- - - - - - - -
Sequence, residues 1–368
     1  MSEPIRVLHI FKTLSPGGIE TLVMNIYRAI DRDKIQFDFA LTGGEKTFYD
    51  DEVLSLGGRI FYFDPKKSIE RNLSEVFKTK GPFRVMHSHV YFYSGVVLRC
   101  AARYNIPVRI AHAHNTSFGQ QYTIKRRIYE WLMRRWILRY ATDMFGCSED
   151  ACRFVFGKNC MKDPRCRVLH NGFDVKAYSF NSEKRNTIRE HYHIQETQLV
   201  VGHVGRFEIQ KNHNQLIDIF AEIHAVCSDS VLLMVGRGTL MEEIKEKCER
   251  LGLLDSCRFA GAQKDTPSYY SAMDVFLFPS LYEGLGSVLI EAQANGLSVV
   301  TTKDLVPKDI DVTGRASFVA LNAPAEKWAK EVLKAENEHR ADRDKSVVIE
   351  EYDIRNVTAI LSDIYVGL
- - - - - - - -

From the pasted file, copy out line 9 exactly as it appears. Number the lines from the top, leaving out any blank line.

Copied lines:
   351  EYDIRNVTAI LSDIYVGL